Kansas Courts data breach affected 150,000, office says

TOPEKA—The Kansas Office of Judicial Administration said today it contacted some 150,000 people whose data was accessed during the October 2023 data breach that shut down the state court system in all but one Kansas county until January of this year.

Chief Justice Marla Luckert issued an apology on behalf of Kansas Supreme Court to those involved.

“We’re sorry anyone was personally impacted by the actions of the criminals who attacked our court computer systems,” Luckert said in a statement from the judicial administration office. “The judicial branch respects the privacy of information given to us, and it’s a high priority throughout the court system to keep that information secure.” 

Luckert added that since the incident, the Office of Judicial Administration has put additional security controls in place and will continue to enhance its security controls in the future to reduce the possibility of future cybersecurity incidents. 

Kansas Supreme Court Chief Justice Marla Luckert/Associated Press Photo

The cyber attack shut down the entire state court records system except for Johnson County, which runs independently on its own system. The breach halted the system by which court staff, lawyers and prosecutors file and monitor their cases electronically, and also the online payment system used by those paying fees and fines. Public access, used by crime victims, media and others who follow court cases, was also offline for months. Court staff had to go back to a hard copy paper system in the interim.

As soon as the Office of Judicial Administration discovered unauthorized activity on its network, officials said the took immediate action to protect the network, secure information, and start investigating what happened and what was affected. The office also started working with cybersecurity experts to conduct a forensic investigation. It was through this investigation that a determination was made there had been unauthorized access to files stored on the Office of Judicial Administration network. It also determined some files were exfiltrated – accessed and copied – which cybersecurity experts reviewed for personal information.

Through an extensive examination of the files accessed during the cybersecurity incident, cybersecurity experts and the Office of Judicial Administration verified some files contained personal information. That examination was complete as of April 23, 2024.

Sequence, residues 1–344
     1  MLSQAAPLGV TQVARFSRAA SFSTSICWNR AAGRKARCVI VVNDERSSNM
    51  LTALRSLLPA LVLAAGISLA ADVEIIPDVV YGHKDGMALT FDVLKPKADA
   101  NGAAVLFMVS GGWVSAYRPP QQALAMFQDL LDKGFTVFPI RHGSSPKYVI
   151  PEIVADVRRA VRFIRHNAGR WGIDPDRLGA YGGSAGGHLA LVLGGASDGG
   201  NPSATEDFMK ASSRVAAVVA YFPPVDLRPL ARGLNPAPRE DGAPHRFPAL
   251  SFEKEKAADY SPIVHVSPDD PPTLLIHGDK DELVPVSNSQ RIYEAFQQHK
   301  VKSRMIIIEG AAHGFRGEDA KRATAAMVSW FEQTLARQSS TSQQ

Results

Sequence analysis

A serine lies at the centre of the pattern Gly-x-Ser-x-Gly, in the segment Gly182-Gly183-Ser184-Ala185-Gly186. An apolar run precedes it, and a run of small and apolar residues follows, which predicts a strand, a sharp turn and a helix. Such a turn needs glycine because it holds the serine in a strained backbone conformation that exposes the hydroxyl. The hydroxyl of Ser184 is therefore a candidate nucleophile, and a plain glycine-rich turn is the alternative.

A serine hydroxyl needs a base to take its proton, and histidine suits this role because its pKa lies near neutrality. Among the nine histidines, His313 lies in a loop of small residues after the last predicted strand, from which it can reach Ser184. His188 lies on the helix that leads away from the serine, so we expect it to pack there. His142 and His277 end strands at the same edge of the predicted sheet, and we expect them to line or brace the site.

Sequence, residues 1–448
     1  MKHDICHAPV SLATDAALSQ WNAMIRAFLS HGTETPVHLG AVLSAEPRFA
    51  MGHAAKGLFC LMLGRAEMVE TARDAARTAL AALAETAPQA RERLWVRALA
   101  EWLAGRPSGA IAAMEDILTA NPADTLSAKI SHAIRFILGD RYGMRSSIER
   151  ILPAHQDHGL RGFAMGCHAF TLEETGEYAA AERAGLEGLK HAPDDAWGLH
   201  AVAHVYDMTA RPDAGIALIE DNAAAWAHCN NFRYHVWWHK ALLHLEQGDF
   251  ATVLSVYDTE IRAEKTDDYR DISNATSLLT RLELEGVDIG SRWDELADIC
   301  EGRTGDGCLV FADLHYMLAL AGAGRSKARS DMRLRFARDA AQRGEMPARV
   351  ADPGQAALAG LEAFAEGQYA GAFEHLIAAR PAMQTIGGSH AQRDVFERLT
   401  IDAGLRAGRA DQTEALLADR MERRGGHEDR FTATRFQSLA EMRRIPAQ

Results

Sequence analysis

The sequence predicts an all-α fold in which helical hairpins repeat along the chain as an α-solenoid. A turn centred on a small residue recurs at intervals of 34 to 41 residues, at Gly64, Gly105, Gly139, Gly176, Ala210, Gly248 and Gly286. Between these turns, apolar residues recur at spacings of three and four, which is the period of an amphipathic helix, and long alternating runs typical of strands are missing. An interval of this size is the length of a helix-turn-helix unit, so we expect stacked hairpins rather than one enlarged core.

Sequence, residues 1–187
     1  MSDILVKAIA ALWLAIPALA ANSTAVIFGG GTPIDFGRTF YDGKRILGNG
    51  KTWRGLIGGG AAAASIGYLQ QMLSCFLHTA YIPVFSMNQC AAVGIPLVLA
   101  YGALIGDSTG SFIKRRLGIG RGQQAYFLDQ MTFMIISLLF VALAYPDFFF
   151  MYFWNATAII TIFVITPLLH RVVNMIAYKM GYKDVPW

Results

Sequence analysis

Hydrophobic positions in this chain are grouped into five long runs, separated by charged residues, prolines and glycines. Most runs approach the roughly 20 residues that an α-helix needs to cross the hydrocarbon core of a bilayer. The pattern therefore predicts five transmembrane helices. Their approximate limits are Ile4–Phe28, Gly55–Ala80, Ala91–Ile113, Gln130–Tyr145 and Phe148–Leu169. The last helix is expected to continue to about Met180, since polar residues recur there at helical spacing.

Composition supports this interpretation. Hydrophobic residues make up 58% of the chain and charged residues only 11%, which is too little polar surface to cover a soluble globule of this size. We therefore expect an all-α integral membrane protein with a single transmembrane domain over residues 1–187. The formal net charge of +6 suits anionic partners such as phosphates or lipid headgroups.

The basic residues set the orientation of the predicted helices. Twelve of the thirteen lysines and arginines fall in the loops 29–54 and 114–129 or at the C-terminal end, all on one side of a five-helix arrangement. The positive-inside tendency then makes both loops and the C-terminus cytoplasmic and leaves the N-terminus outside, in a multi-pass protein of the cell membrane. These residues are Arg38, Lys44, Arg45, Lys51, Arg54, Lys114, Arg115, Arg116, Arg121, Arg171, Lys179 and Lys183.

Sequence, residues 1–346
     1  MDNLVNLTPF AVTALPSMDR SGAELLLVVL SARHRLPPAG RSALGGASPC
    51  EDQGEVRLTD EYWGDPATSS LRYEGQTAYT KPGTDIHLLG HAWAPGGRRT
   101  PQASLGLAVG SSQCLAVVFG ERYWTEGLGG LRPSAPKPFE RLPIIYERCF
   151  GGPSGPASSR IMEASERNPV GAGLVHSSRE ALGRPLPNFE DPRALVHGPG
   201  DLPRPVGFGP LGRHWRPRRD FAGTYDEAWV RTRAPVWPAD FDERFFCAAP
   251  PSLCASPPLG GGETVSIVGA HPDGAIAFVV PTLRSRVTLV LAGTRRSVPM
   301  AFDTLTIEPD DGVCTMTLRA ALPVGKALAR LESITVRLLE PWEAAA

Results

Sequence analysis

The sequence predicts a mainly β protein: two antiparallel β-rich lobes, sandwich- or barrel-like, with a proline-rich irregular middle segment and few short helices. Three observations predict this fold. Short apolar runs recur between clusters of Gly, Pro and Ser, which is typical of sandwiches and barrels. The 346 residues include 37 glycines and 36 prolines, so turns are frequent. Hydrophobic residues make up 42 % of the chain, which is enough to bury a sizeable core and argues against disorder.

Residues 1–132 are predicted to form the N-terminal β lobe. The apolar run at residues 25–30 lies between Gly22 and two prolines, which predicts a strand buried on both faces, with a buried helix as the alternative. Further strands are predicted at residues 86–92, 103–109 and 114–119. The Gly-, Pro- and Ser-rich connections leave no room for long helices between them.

“We store information on our networks in various formats, and some files are complex, which lengthened the time it took to determine which files included personal information,” Luckert said. “We believed it was worth the extra effort and prevention of needless worry to clarify who was affected and who was not.”

The press release said the extensive investigation reduced the potential number of people impacted from a population that could have included anyone who ever interacted with Kansas courts to about 150,000. 

Personal information directly involved came from files given to the state courts office through litigation in the Kansas appellate courts, applications to the Kansas bar, or other administrative records held by the office, and could have included names, addresses, dates of birth, Social Security numbers, driver’s license or other state identification card numbers, government identification card numbers, tax identification card numbers, financial account information, payment card information, passport numbers, biometric identifiers, health information, or health insurance policy information.

Notification to affected individuals was made by letter if address information was available. If address information was not identifiable, notification was made by media publication, on the judicial branch website, and notice to media where appropriate. 

Notification letters to individuals include recommended steps they can take to monitor and protect their personal information. These notifications also offer credit monitoring and identity restoration services at no cost to the affected individuals.

No notifications will be made by telephone, text, or email. If someone receives a phone call, text, or email about the cybersecurity incident, they are advised to end the call or delete the text or email. Phone communication about the cybersecurity incident should be initiated by the individual. 

An informational webpage on the Kansas judicial branch website answers common questions affected individuals might have about the cybersecurity incident and their personal information. It includes a phone number people can call if they have questions. 

Impacted individuals who have questions can call 1-888-861-6382 between 8 a.m. and 8 p.m. Central Time, Monday through Friday, excluding holidays. 

Dane Hicks is a graduate of the University of Missouri School of Journalism and the United States Marine Corps Officer Candidate School at Quantico, VA. He is the author of novels "The Skinning Tree" and "A Whisper For Help." As publisher of the Anderson County Review in Garnett, KS., he is a recipient of the Kansas Press Association's Boyd Community Service Award as well as more than 60 awards for excellence in news, editorial and photography.

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